A $1.2 trillion timebomb ticks in China

Venkatesan Vembu / DNA
Saturday, March 27, 2010 2:53

Hong Kong: A major fiscal shock looms over China, arising from local governments’ shadowy finances and banks’ reckless lending to them as part of the frantic rush to boost GDP growth in China following the global economic slowdown in 2008.

The fiscal crisis represents “the biggest risk to China’s economic and financial stability over the next two years” and has the potential to more than completely wipe out Chinese banks’ equity base, and trigger an equity market panic when it bursts, says Credit Suisse chief regional economist Dong Tao.

At the heart of the crisis are about 8,800 investment vehicles set up at the local government level to take up massive infrastructure projects to prop up GDP growth to make up for the export slowdown owing to the global economic recession.

These vehicles —- called urban development investment corporations (UDICs) —- were set up “in part to circumvent rules prohibiting local governments from borrowing,” notes Louis Kuijs, senior economist in the World Bank’s China office. Local governments injected land and cash into these UDICs as equity, and the land was used as collateral to get bank loans for infrastructure projects.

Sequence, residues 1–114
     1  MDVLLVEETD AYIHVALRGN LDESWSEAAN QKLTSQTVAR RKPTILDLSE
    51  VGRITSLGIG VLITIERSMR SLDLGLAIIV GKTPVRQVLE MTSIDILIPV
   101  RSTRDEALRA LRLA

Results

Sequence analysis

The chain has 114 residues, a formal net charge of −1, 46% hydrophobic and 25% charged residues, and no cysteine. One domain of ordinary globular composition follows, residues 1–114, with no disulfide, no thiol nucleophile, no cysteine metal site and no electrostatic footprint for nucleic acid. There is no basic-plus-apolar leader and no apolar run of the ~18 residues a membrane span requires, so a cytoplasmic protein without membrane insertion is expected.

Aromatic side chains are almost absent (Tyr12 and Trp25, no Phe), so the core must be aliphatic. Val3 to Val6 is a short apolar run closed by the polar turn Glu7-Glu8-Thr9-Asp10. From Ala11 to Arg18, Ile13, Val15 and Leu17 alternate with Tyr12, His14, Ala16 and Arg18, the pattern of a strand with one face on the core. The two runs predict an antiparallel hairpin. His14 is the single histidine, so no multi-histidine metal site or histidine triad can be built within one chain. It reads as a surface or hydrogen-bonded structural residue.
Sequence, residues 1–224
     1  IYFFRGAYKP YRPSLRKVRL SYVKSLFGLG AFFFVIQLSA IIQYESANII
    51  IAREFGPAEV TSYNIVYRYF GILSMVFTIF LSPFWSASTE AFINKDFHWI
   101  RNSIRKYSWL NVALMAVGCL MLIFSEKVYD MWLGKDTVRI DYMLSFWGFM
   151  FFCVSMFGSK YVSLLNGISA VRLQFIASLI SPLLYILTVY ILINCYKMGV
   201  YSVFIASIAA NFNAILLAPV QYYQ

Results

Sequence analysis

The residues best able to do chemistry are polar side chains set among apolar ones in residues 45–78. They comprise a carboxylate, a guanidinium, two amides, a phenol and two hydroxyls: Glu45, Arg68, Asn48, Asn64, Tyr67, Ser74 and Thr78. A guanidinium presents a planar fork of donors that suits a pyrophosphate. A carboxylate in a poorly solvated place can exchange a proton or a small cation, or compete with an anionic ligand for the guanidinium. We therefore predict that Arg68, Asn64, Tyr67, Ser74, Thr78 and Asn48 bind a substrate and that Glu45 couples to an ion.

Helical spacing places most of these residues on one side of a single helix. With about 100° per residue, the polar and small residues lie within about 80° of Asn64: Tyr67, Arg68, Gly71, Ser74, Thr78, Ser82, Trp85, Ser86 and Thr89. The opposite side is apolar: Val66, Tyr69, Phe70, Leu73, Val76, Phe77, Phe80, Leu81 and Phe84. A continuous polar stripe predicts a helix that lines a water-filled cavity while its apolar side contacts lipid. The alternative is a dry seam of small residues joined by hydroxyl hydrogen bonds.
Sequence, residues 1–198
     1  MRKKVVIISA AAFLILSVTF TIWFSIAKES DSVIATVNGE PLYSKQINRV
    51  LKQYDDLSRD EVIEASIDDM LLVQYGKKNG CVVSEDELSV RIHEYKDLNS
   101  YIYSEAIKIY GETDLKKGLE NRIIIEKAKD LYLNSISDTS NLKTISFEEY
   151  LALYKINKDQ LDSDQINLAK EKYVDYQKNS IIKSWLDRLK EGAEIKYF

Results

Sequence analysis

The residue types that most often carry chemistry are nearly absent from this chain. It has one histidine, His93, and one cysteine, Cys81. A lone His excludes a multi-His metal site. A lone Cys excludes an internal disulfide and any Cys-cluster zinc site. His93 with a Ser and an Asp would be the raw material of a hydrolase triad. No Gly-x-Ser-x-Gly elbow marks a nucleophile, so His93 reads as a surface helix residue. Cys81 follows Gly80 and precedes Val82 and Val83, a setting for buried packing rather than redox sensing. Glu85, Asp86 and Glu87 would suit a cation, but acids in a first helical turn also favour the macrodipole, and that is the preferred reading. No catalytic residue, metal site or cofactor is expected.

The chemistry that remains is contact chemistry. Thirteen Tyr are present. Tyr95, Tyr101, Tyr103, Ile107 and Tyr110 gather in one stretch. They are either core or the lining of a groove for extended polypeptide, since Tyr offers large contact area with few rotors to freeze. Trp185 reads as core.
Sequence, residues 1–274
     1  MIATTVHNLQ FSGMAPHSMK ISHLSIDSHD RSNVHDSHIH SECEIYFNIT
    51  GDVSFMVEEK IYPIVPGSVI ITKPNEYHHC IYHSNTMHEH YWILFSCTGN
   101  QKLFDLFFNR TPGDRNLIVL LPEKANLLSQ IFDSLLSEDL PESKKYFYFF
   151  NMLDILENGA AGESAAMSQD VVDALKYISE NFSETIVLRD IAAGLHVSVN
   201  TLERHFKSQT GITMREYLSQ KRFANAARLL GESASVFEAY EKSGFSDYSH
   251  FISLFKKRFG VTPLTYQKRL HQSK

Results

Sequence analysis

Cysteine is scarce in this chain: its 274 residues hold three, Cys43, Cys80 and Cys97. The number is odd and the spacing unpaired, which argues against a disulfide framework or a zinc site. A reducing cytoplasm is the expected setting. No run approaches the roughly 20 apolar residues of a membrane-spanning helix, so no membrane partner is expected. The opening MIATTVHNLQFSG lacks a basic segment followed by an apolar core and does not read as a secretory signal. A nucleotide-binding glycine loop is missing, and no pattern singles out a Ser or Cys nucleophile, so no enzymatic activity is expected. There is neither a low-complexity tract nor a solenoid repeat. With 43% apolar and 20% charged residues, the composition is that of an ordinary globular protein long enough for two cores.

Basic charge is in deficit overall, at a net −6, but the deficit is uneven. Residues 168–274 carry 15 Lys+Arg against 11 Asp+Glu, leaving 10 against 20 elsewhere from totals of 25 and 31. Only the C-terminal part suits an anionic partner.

“UDICs share many common characteristics with the investment vehicles that caused the financial crisis in the US,” adds Tao. “They lack transparency, are high on leverage, rely on short-term funding and land-based valuation, and their assets are illiquid.”

And although it’s very hard to determine how much bank lending has been channelled to the UDICs, Tao estimates outstanding loans to be about 8 trillion yuan (about $1.2 trillion), which is about 24% of China’s GDP, 83% of overall new lending in 2009, and a whopping 180% of the equity base of all Chinese banks.

Estimates by other economists paint a grimmer picture.

Victor Shih of Northwestern University, who has studied local governments’ debt, estimates total bank lending to UDICs (including further lendings) to balloon to 24.2 trillion yuan ($3.5 trillion).

“If large portions of the debt end up being taken over by the central government, that will add significantly to the official government debt,” says Kuijs. In Tao’s estimation, if the central government absorbed 8 trillion yuan of UDICs’ liabilities, China’s debt-to-GDP ratio would explode from an estimated 19.1 in 2010 to an estimated 50.3 in 2010.

The key problem with the UDIC financing model is its use of land as collateral, points out Tao. “If there is a change in the assessment of the value of the land that UDICs pledge to banks as collateral, we may have a serious problem.”

In particular, when property prices in China fall —- as Tao expects them to in the second half of this year, owing to an oversupply of finished apartments and expected interest rate hikes to fight inflation —- “banks will review the value of the land they have as collateral, become risk-averse, and initiate a loan call-back.”
If even one or two UDICs fail as a result, Tao reckons, “it will trigger a wider loan call-back and trigger an equity market panic.”

Flagging the risk of policy errors, he adds that Beijing is “too complacent about how a property market correction could aggravate the UDIC problem.”